Action Bar Backward Compatibility

    Google has recently developed a set of classes to give the Action Bar backward compatibility for pre Android 3.0 devices.  These classes invoke the action bar design pattern on pre-API 11 devices and the built-in Action Bar on devices supporting API 11 or greater.

    Android Compatibility Package

    This library is available through the SDK Updater. It gives backward compatibility for the new Fragments feature.

    Compatibility Guidelines

    Google provides guidelines on achieving compatibility across devices.


    Android Action Bar Backward Compatibility

    The Action Bar is a consistently formatted navigation and option selection area at the top of a screen with an overflow area at the bottom.
    Key aspects of the Action Bar include:
    • It's a replacement for the menu feature.
    • It was introduced in Android 3.0 and refined in Android 4.0.
    • It's included in activities that use the Holo theme family.

    Elements of the Action Bar graphic include:

    • Application icon.
    • Application name.
    • Up navigation to a parent screen.
    • Built-in tab navigation for switching between fragments.
    • Drop-down list for alternative navigation such as sort by a different criteria.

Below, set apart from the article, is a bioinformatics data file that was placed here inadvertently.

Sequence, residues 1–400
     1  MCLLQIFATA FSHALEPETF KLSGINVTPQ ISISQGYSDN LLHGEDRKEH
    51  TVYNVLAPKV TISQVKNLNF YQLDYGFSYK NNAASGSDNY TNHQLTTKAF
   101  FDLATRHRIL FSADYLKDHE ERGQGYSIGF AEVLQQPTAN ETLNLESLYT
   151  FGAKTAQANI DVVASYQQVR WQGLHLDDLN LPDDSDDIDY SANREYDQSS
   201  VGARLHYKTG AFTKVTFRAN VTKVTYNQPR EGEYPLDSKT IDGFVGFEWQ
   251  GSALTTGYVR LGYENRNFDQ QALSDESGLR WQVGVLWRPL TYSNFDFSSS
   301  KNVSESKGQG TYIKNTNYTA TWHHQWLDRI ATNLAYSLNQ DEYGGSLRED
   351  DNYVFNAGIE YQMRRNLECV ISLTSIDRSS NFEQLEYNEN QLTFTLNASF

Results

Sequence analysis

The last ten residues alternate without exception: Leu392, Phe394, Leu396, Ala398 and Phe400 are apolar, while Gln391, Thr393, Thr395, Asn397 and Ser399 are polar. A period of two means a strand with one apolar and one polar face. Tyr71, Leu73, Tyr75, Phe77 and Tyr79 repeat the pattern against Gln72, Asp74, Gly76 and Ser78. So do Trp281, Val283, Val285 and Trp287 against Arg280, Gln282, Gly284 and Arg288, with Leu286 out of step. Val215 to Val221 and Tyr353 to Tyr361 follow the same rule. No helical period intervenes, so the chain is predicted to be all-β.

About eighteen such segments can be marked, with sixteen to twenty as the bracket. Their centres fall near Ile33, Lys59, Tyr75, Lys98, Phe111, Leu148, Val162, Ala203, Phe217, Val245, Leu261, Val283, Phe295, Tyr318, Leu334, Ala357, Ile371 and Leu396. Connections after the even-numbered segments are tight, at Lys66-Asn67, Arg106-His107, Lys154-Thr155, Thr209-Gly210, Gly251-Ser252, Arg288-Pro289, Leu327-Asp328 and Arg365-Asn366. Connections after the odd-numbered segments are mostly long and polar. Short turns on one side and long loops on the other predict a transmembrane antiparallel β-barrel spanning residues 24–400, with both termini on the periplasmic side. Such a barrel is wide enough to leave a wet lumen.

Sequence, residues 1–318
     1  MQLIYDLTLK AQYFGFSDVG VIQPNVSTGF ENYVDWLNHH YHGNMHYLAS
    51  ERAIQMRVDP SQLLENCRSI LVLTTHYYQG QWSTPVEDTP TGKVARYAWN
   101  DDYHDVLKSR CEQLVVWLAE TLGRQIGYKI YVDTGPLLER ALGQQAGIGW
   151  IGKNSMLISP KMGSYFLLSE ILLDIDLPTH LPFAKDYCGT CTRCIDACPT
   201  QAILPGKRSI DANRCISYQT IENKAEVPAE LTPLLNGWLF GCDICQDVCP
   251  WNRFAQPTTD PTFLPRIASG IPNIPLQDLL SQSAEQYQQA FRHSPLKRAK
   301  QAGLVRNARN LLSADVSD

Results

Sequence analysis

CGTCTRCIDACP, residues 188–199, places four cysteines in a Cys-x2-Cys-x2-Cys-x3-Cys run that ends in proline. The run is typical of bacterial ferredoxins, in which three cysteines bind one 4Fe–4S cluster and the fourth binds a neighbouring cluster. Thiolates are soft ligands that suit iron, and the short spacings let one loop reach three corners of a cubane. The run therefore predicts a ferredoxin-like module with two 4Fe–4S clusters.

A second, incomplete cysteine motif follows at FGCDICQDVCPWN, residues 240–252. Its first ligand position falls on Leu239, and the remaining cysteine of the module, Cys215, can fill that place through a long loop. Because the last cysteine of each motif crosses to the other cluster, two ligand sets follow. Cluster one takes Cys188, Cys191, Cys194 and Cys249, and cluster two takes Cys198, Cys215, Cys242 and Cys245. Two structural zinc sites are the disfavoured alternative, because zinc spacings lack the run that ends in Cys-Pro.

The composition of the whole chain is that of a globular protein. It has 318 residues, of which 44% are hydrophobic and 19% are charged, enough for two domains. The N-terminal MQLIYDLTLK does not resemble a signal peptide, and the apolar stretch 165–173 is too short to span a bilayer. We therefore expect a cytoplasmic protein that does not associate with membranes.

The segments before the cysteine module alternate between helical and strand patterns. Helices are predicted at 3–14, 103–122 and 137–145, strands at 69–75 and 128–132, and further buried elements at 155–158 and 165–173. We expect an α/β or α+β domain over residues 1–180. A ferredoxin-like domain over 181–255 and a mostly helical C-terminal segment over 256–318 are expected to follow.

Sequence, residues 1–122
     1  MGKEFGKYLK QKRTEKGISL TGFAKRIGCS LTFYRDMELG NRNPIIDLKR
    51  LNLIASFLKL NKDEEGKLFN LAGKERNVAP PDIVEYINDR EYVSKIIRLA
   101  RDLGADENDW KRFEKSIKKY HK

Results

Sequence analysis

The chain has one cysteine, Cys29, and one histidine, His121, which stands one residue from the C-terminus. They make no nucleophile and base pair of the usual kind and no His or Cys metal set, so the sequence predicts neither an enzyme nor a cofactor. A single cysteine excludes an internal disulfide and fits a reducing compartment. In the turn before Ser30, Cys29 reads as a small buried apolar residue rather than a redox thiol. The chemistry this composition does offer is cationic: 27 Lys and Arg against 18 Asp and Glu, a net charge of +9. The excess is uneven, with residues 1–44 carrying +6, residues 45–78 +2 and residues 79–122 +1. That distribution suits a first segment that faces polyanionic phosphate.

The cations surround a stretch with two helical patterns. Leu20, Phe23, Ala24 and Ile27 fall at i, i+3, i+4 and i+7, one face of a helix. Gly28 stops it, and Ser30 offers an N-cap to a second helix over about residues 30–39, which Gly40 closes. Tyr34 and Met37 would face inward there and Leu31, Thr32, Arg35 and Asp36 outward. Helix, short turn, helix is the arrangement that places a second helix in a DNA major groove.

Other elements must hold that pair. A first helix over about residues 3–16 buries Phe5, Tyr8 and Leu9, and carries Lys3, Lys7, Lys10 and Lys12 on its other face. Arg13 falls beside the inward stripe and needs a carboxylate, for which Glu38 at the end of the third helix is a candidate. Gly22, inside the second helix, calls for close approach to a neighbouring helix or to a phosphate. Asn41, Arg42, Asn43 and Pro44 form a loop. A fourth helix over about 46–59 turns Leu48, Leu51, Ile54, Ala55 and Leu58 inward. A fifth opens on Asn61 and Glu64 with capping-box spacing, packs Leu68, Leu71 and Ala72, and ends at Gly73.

• Important actions for a given app such as search and share.

    Google has recently developed a set of classes to give the Action Bar backward compatibility for pre Android 3.0 devices.  These classes invoke the action bar design pattern on pre-API 11 devices and the built-in Action Bar on devices supporting API 11 or greater.

    This is part of a larger set of capabilities for supporting application compatibility with multiple device environments including tablets and handsets and various screen sizes.


    New Android Design Guidelines

    Google has just released new, and very helpful, Android design guidelines. They're detailed on the Android developer website. The main webpage is shown below.

    It's great to have these guidelines grouped in one place for easy access and they appear to be a step forward in developing an improved user experience ... both for the operating system and applications.



    Using JavaScript, jQuery and HTML5 with Cloud-Based Web Development Tools

    Cloud based web development tools (such as Squarespace) are making web development easier. Their WYSIWYG editors even make simple web update accessible to non technical users. Web developers can concentrate on the more complicated, higher value added tasks, while their clients make simpler updates such as text changes and blogging.

    By adding JavaScript, jQuery and HTML5 to the mix, sophisticated, cost effective websites can be developed.